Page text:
Ketek (telithromycin) is an antibiotic medication used to treat those with respiratory infections, such as sinusitis, bronchitis, and pneumonia.
In January 2006, there were three victims of liver toxicity in North Carolina Hospital due to the use of Ketek. One victim died only several days after taking the drug, one resulted in a liver transplant and the last was diagnosed with hepatitis, which was brought on by the drug itself. The hepatitis patient eventually recovered after treatment with Ketek was stopped.
If you or a loved one was injured taking Ketek, call Cellino & Barnes now at (800) 888-8888 or contact us.
What is telithromycin? Telithromycin is an antibiotic drug, approved by the FDA in January 2004 and marketed in the U.S. by Sanofi-Aventis under the brand name Ketek.
What is Ketek (telithromycin) used for? Ketek (telithromycin) is used to treat chronic bronchitis, bacterial sinusitis, and mild to moderate pneumonia, including pneumonia caused by strep infections.
Why is the FDA revising the label to keep this drug on the market? Since all drugs have side effects, the FDA must determine if a drug’s benefits outweigh the risks. Since Ketek’s risks and benefits are comparable to other antibiotic drugs used for similar types of infection, the FDA continues to believe Ketek should not be pulled from the market.
What prompted this investigation? As with any drug, Ketek labeling contains known adverse events that are described in its labeling, however, after the one-year assessment, the FDA was alerted to an increased rate of liver toxicity. The FDA immediately initiated another safety assessment, which ultimately results in the new decision to change the labeling.
Who will continue to monitor Ketek? Both the FDA and Sanofi-Aventis will continue to monitor the safety profile of Ketek. Additional, the FDA is advising physicians to closely monitor patients for signs of liver problems.
FDA Health Advisory
While the FDA is continuing to investigate the issues, they have provided the following recommendations to healthcare providers and patients:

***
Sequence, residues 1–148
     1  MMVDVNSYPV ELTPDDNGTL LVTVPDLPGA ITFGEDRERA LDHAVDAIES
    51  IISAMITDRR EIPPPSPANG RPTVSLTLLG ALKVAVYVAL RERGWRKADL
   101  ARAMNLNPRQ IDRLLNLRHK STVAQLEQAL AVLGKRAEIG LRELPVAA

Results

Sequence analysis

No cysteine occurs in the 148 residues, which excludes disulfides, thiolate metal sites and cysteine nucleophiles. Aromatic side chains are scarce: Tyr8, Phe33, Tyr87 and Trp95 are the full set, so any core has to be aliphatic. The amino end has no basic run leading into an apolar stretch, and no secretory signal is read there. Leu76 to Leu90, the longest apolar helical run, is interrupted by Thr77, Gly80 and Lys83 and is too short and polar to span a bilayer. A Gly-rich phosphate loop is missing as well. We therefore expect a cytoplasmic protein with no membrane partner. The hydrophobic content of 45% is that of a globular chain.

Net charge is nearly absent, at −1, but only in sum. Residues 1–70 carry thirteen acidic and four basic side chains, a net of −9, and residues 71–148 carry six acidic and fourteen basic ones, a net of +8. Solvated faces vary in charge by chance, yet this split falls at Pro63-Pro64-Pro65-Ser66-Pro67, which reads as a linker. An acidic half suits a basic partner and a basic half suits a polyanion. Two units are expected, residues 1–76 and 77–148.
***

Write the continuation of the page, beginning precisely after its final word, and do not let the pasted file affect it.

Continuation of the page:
- Healthcare providers should monitor patients taking telithromycin for signs or symptoms of liver problems. Telithromycin should be stopped in patients who develop signs or symptoms of liver problems.
- Patients who have been prescribed telithromycin and are not experiencing side effects such as jaundice should continue taking their medicine as prescribed unless otherwise directed by their healthcare provider.
- Patients who notice any yellowing of their eyes or skin or other problems like blurry vision should contact their healthcare provider immediately.
- As with all antibiotics, telithromycin should only be used for infections caused by a susceptible microorganism. Telithromycin is not effective in treating viral infections, so a patient with a viral infection should not receive telithromycin since they would be exposed to the risk of side effects without any benefit.
If you would like to learn more about Ketek use, please visit http://www.fda.gov/cder/drug/infopage/telithromycin/default.htm
Prior to approval, there were many scientific studies performed, including a large safety trial and data from other countries. The data from other countries showed the occurrence of liver problems was infrequent and usually reversible. Based on the pre-approved clinical data, it appeared the risk of liver injury with telithromycin was similar to other marketed antibiotics. Nonetheless, the product label advises doctors about the potential for liver-related adverse events associated with the use of telithromycin.
Signs/Symptoms of Liver Failure
The FDA issued the following warning:
“We are advising both patients taking Ketek and their doctors to be on the alert for signs and symptoms of liver problems. Patients experiencing such signs or symptoms should discontinue Ketek and seek medical evaluation, which may include tests for liver function.”
The signs and symptoms of liver failure include:
- Loss of appetite;
- Yellow skin; and
- Dark-colored urine.
A warning is being added to Ketek’s labeling, pursuant to requests by the FDA.
When Ketek was approved in 2004, based on marketing data submitted, the risk of liver injury with Ketek was similar to that of other marketed antibiotics. This was confirmed one year later during a safety evaluation as well, however, due to the increased use, the FDA began receiving reports of serious liver problems. Some included acute liver failure, which leads to death or required liver transplant.
After an intensive and thorough assessment of existing data, the FDA determined additional warnings were required.
The FDA will continue to monitor Ketek safety issues and will take further actions if necessary.